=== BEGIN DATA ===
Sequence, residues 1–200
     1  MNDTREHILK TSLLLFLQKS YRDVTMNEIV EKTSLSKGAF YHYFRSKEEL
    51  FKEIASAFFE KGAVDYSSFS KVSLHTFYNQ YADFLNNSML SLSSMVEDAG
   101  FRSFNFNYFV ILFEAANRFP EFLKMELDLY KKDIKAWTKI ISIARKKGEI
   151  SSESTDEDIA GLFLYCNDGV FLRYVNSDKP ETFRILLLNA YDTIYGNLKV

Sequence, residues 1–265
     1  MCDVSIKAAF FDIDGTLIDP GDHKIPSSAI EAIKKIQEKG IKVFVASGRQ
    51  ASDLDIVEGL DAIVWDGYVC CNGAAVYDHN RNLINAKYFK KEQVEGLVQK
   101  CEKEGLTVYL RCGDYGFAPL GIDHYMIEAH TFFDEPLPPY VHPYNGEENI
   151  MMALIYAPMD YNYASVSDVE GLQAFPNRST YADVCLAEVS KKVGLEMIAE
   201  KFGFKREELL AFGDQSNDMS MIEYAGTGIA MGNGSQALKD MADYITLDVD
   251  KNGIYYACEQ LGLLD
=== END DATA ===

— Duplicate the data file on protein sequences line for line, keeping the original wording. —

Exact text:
Sequence, residues 1–200
     1  MNDTREHILK TSLLLFLQKS YRDVTMNEIV EKTSLSKGAF YHYFRSKEEL
    51  FKEIASAFFE KGAVDYSSFS KVSLHTFYNQ YADFLNNSML SLSSMVEDAG
   101  FRSFNFNYFV ILFEAANRFP EFLKMELDLY KKDIKAWTKI ISIARKKGEI
   151  SSESTDEDIA GLFLYCNDGV FLRYVNSDKP ETFRILLLNA YDTIYGNLKV

Sequence, residues 1–265
     1  MCDVSIKAAF FDIDGTLIDP GDHKIPSSAI EAIKKIQEKG IKVFVASGRQ
    51  ASDLDIVEGL DAIVWDGYVC CNGAAVYDHN RNLINAKYFK KEQVEGLVQK
   101  CEKEGLTVYL RCGDYGFAPL GIDHYMIEAH TFFDEPLPPY VHPYNGEENI
   151  MMALIYAPMD YNYASVSDVE GLQAFPNRST YADVCLAEVS KKVGLEMIAE
   201  KFGFKREELL AFGDQSNDMS MIEYAGTGIA MGNGSQALKD MADYITLDVD
   251  KNGIYYACEQ LGLLD